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The Jinx: The Life and Deaths of Robert Durst

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The Jinx: The Life and Deaths of Robert Durst is a new HBO miniseries directed by Andrew Jarecki, who previously made Capturing the Freidmans; a documentary that uncovered the dirty secrets of a seemingly normal family, and proved rather undeniably that the world is a dark and horrible place. Similarly uplifting, The Jinx opens with a dismembered body found in a lake in Galveston Texas and an old man with a bow saw in his trunk who turns out to be an heir to a multi-million dollar New York real estate fortune. Questions abound, not least of which being; where did he put the head?


I'm 5 episodes into this (though all six have aired, and apparently, the ending is a real hum-dinger) and so far, The Jinx works as a character study, an examination of a legal system where money buys talent, and a hard look at the "whole truth," whatever that is. The show is making headlines ever since Durst was rearrested days before the premiere of the finale, but I would highly recommend watching it, even if you have read about it, or consider yourself "spoiled" from a few Facebook headlines. Durst is a very interesting and bizarre character. He is simultaneously every cranky old man from New York you ever met, and a completely unknowable sociopath. Anyways, I'd like to know what you folks think of it, and I had a few questions as I go into the last episode.




Now that True Crime is seeing huge successes in this and Amy Koenig's Serial, how ethical is the use of these stories as entertainment product? Much true crime that I know about is based on people who are long dead. When the people involved are alive, I think the question is worth asking. I enjoyed Serial, but I found it a little problematic that it was made entirely without the consent and cooperation of the victim's family. Investigating a crime or a potential innocent person in prison is all well and good, but at the end of the day, Koenig was sitting on a pile of money, and the victim's family has a bunch of bloggers and news outlets and shit at their door dragging up the worst part of their lives.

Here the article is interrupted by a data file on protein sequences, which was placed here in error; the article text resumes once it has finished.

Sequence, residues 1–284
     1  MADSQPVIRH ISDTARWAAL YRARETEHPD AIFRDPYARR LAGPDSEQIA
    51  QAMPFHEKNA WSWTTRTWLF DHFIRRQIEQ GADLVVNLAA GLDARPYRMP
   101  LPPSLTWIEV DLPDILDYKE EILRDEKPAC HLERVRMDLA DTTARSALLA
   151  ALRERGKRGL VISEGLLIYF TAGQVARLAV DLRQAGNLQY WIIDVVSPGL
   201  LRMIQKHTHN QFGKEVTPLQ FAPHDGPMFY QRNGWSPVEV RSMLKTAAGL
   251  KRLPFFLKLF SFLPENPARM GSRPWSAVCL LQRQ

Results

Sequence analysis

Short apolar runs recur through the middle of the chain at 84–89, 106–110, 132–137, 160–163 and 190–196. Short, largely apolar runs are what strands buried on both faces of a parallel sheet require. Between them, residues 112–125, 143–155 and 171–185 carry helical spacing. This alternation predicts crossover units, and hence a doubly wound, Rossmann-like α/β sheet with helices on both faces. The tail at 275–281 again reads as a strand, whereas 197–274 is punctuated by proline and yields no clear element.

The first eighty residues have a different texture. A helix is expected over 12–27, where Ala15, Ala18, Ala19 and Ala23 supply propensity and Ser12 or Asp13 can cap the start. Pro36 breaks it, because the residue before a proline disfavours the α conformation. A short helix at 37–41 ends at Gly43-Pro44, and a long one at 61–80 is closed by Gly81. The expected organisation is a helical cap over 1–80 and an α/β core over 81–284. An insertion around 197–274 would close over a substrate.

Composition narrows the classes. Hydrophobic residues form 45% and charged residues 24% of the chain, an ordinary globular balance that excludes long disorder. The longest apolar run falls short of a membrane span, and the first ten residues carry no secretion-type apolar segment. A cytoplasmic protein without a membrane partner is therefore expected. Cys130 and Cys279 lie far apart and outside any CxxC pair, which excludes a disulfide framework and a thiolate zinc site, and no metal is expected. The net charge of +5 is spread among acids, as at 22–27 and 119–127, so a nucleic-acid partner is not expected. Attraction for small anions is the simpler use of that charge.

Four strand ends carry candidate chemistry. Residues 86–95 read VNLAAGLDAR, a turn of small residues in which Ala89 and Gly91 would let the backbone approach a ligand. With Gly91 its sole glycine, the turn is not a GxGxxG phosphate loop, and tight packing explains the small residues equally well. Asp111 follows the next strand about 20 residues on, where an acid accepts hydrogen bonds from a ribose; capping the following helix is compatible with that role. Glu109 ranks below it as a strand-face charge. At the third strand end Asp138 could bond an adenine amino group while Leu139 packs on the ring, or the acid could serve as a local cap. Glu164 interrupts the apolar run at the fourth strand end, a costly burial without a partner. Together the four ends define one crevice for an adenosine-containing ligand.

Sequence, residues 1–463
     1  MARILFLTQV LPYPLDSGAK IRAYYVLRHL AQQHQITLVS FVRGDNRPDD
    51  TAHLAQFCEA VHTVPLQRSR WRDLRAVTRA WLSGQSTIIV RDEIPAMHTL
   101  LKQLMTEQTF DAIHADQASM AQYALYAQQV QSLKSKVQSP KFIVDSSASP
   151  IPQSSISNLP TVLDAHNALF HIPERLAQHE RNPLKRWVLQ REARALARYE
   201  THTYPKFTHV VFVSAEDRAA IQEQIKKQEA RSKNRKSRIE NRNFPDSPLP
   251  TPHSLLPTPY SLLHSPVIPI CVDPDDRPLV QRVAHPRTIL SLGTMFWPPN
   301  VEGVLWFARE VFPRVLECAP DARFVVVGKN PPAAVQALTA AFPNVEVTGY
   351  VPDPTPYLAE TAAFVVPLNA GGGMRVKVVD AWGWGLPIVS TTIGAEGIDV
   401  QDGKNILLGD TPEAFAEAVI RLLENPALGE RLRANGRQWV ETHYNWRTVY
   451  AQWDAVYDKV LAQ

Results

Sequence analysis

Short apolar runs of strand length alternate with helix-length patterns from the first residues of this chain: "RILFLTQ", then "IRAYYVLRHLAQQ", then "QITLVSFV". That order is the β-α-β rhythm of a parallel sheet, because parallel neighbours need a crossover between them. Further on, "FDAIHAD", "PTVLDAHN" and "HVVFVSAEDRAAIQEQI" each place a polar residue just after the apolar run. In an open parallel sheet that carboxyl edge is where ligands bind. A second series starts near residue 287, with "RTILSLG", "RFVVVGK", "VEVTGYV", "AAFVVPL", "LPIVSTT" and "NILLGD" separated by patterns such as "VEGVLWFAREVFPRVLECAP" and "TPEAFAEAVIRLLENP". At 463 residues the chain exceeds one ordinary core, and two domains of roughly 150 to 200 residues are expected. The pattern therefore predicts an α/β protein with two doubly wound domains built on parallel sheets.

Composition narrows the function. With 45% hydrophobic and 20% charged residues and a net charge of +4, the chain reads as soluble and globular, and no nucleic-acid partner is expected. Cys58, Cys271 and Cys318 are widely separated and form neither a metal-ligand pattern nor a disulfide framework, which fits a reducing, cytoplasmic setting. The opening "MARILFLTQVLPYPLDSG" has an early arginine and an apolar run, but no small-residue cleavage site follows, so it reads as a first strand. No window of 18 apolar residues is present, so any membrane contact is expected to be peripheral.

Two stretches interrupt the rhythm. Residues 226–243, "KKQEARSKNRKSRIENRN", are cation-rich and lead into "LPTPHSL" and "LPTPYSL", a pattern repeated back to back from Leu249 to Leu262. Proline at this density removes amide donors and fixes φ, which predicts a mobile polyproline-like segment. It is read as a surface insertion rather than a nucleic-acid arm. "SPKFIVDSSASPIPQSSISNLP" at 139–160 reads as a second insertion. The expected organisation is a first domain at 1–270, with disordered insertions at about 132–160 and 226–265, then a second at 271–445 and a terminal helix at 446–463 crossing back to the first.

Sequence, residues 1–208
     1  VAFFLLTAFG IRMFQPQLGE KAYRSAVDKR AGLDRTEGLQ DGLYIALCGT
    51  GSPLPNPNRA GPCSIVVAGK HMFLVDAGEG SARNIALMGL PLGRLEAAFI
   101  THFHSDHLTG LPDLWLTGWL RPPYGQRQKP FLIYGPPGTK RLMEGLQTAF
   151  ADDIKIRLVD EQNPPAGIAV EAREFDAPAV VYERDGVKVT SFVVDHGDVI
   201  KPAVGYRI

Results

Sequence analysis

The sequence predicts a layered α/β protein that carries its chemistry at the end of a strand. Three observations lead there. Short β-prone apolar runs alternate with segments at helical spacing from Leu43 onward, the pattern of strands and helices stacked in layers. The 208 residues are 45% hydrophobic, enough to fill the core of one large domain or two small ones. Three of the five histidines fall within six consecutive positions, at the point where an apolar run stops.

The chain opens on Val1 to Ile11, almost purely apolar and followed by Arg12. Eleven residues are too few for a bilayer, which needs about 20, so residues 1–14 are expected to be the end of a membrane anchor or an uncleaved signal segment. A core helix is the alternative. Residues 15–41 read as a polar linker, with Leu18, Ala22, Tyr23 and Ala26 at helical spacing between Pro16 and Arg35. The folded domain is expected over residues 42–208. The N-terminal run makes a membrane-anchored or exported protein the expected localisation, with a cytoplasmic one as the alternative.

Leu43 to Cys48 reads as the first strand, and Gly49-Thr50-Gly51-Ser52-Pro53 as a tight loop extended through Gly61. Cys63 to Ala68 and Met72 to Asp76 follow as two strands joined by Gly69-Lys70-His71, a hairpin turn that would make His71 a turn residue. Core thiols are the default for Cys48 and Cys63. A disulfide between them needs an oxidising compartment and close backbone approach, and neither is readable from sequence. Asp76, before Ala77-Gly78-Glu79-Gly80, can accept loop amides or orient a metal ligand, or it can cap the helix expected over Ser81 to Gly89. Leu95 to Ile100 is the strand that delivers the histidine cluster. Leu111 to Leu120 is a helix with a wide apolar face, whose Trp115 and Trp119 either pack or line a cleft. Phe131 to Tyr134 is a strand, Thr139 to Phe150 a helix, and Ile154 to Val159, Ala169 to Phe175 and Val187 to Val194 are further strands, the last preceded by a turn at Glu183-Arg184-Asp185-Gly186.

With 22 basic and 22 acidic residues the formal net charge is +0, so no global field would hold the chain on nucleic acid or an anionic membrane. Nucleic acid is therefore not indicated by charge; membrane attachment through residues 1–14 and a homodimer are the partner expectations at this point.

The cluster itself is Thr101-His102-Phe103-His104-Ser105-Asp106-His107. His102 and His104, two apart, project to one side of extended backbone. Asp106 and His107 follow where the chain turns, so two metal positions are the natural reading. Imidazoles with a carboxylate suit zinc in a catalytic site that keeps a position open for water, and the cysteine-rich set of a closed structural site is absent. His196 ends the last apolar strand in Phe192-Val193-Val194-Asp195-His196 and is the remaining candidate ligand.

The Jinx is a different case. The friends and family of the victims as well as the alleged killer cooperated fully. The filmmakers, however, had to juggle keeping a relationship with a possible killer, while hopefully keeping in mind that any new evidence they find on the case should be turned in to the authorities. As the arrest of Durst came right before the final episode of the show, there have been questions as to how much information Jarecki gave the police and when he gave it to them. These guys could be trying to be ethical as they can, but the bottom line is they're filmmakers first, and journalists second.


THIS SHIT IS SPOILER CENTRAL. SRSLY But interesting article nonetheless



First Trial


How fucked was the trial he was indicted for? I know some folks who think the Jury was insane, and that any guy who would cut a body up, did not kill someone in self defense. I however, think that as presented, the defense actually had a story that made more sort of sense, while the prosecution had nothing! I think Durst's (very expensive) lawyers had a great story that included the only element the prosecution had evidence for; namely cutting up the body. While I don't think the prosecution was criminally negligent or anything like that, I think it really shows that a huge problem with our legal system is that all lawyers are not created equal. So, do you think the Jury was nuts? Or would you also have acquitted having seen the same trial?

Edited by JunkerSeed
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